Origin of expertise1
- to study or investigate as an expert.
Origin of expertize
Examples from the Web for expertise
The U.S. responded to security threats with cool heads and plenty of expertise in WWII and the Cold War.Why Did We Panic After 9/11 and Ignore All We Knew About Responding to Security Threats?
December 18, 2014
I had visited distilleries all over the world and reached a level of expertise about the subject.A Whisky Connoisseur Remembers That First Sip of The Macallan
December 10, 2014
Police need to direct resources and expertise shrewdly to address these reports.A Female Writer’s New Milestone: Her First Death Threat
December 1, 2014
For Vankor, Russia has all the expertise it requires, as the field is already in production.China Is Financing Putin’s Aggression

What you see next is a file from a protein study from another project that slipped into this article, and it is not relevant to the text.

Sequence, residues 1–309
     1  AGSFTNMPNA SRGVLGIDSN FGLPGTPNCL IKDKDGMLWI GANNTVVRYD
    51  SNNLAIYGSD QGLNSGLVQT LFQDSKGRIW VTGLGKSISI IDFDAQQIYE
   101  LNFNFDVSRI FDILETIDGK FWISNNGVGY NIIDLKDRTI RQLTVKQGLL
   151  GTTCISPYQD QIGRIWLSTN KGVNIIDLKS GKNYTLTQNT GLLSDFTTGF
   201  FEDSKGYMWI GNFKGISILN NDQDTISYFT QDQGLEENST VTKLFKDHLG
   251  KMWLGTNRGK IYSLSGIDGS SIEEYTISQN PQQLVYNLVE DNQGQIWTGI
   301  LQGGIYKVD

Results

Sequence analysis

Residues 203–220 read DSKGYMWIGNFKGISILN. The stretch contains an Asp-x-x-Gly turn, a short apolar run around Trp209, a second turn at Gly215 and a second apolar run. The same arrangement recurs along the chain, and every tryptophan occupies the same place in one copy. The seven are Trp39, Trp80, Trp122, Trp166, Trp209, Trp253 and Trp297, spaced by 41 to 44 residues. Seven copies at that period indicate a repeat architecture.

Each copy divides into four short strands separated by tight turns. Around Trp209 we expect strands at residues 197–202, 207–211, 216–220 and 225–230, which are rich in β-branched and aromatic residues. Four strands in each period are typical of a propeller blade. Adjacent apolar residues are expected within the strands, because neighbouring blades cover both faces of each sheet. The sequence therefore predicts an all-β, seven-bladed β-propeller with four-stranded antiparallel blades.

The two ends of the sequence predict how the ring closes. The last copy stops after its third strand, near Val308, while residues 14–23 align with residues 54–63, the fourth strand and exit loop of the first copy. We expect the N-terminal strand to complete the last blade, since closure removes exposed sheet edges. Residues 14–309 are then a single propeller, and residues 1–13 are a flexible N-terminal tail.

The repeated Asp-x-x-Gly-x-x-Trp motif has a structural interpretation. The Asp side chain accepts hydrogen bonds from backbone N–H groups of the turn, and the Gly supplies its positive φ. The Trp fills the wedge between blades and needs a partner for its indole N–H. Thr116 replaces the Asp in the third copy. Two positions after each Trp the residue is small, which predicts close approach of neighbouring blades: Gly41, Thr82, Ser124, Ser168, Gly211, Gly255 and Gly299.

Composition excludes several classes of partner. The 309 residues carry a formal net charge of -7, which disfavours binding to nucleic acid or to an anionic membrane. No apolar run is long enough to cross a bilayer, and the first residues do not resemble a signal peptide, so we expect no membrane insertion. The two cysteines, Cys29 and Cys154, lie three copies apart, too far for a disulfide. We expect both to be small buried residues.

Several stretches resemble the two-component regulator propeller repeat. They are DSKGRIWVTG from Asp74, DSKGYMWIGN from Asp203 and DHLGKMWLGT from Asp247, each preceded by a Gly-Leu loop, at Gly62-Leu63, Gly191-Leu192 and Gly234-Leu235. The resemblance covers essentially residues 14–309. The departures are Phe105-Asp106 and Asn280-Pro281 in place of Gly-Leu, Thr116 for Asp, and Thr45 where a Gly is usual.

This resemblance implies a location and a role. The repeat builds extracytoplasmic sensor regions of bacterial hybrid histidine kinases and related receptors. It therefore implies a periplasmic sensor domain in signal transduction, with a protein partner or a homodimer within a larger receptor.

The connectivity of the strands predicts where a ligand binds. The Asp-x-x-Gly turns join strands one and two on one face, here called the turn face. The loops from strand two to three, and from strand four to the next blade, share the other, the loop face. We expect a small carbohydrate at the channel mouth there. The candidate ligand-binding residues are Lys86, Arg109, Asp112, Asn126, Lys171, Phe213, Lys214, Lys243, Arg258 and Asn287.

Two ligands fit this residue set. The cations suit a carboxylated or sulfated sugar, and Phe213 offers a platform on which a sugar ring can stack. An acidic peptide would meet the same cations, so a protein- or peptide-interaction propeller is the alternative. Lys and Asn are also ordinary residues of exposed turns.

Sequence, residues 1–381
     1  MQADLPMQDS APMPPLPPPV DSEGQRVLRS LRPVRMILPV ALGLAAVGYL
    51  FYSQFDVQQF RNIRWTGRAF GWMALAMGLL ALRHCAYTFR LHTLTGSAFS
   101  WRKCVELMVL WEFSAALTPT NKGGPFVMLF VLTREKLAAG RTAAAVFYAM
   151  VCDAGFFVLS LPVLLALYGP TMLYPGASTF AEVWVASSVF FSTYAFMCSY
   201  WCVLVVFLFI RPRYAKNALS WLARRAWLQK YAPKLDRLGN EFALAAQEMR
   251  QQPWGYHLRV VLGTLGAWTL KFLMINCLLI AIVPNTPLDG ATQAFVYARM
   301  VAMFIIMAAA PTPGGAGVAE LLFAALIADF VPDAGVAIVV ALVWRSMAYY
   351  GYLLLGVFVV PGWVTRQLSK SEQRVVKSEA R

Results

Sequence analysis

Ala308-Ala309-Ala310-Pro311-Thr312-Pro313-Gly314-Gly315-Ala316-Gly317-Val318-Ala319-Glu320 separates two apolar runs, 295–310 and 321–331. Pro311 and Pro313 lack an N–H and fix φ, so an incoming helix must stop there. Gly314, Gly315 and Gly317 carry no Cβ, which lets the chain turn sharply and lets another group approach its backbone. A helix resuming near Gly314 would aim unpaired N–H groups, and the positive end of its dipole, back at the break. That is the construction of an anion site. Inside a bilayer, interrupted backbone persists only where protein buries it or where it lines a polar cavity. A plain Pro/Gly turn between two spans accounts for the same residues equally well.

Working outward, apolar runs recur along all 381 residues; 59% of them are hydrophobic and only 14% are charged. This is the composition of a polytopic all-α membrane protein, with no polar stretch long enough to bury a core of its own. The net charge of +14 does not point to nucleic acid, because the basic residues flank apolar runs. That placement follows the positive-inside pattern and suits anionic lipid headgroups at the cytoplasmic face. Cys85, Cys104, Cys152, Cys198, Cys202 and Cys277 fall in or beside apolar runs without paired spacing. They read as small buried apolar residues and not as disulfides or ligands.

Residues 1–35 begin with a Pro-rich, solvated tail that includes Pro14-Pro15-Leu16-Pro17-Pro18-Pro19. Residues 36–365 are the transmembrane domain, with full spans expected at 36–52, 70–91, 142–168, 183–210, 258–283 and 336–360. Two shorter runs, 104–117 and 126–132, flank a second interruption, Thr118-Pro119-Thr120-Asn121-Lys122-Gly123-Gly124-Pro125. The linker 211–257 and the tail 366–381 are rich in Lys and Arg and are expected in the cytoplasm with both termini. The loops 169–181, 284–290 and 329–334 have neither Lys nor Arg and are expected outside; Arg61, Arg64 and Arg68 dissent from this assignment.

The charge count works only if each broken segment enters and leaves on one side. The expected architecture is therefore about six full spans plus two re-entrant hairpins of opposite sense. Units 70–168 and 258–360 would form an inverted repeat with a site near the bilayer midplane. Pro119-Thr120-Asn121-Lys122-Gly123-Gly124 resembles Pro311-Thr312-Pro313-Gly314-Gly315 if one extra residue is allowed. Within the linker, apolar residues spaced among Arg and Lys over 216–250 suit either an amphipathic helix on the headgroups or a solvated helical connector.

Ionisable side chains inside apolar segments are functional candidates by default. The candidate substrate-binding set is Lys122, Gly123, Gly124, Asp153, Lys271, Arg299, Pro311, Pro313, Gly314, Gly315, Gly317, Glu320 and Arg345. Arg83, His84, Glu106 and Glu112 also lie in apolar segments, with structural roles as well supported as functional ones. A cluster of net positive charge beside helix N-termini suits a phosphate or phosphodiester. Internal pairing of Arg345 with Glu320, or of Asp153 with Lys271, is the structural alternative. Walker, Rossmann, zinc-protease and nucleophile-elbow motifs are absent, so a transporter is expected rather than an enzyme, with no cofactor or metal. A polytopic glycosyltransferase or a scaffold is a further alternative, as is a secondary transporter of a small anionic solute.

Gordon G. Chang
November 13, 2014
Bill Clinton courted Mixner and his expertise at the outset of his run for president.Gay Activist David Mixner: I Mercy Killed 8 People
October 29, 2014
The passage is evidence for Ovid's expertise and interest in law.
The large size and diversified operations of the agroindustrial complexes place a heavy demand upon the expertise of management.Area Handbook for Bulgaria
Eugene K. Keefe, Violeta D. Baluyut, William Giloane, Anne K. Long, James M. Moore, and Neda A. Walpole
His existence was becoming more and more barren of expertise.
Elsie French noticed the expertise of her talk; the intellectual development it implied; the passion of will which accompanied it.Marriage la mode
Mrs. Humphry Ward
This was a well-calculated and popular step, which however did not make much difference from the point of view of expertise.
- special skill, knowledge, or judgment; expertness
- US to act as an expert or give an expert opinion (on)
Word Origin and History for expertise
1868, from French expertise (16c.) "expert appraisal, expert's report," from expert (see expert). Earlier in same sense was expertness (c.1600).